I confess that I have felt this way many, many times. I wanted to know how a story turns out or the answer to a complex question, before I even thought about it. Ms Popova writes
I frequently lament a particularly prevalent pathology of our time — our extreme impatience with the dynamic process of attaining knowledge and transmuting it into wisdom. We want to have the knowledge, as if it were a static object, but we don’t want to do the work of claiming it — and so we reach for simulacra that compress complex ideas into listicles and two-minute animated explainers.
And of course, she is right. Remember The Matrix? A key aspect of the story line is the capacity to use digital technology to instantly master complex tasks, like flying a helicopter.
this presents a problem. Why? Because the process of gaining knowledge may be more important than the knowledge itself. A guy named Hegel understood this 300 years ago.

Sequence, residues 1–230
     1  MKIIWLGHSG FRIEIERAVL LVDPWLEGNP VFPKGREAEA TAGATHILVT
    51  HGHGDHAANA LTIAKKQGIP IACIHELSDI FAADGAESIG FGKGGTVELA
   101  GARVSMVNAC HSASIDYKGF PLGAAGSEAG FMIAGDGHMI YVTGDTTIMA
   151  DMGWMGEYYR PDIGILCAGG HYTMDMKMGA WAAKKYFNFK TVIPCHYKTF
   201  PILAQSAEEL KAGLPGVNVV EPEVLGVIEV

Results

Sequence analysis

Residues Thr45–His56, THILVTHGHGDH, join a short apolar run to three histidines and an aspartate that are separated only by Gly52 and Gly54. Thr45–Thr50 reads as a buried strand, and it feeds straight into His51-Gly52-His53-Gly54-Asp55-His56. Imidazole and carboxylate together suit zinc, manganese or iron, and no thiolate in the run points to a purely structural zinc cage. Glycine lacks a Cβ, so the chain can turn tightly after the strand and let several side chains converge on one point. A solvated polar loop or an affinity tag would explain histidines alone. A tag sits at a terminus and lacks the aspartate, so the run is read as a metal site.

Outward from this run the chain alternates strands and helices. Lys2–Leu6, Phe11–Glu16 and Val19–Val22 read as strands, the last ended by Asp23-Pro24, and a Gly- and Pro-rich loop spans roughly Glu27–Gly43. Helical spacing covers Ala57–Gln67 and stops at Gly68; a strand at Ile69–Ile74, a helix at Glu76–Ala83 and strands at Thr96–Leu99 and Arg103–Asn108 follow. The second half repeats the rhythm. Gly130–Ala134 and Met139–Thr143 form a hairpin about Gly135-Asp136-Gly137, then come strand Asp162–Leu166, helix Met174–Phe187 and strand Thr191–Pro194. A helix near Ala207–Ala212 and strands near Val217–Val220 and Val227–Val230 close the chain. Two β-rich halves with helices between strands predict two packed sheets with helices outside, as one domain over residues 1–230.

The goal to be reached is the mind’s insight into what knowing is. Impatience asks for the impossible, wants to reach the goal without the means of getting there. The length of the journey has to be borne with, for every moment is necessary; and again we must halt at every stage, for each is itself a complete individual form, and is fully and finally considered only so far as its determinate character is taken and dealt with as a rounded and concrete whole, or only so far as the whole is looked at in the light of the special and peculiar character which this determination gives it. Because the substance of individual mind, nay, more, because the universal mind at work in the world (Weltgeist), has had the patience to go through these forms in the long stretch of time’s extent, and to take upon itself the prodigious labour of the world’s history, where it bodied forth in each form the entire content of itself, as each is capable of presenting it; and because by nothing less could that all-pervading mind ever manage to become conscious of what itself is — for that reason, the individual mind … cannot expect by less toil to grasp what its own substance contains.
The end result, an opinion or belief in what is true is trivial compared to the opportunity to learn more about the self gaming that opinion or truth. The journey is more valuable than the reward. Indeed, life is no more than a journey. Death is the reward.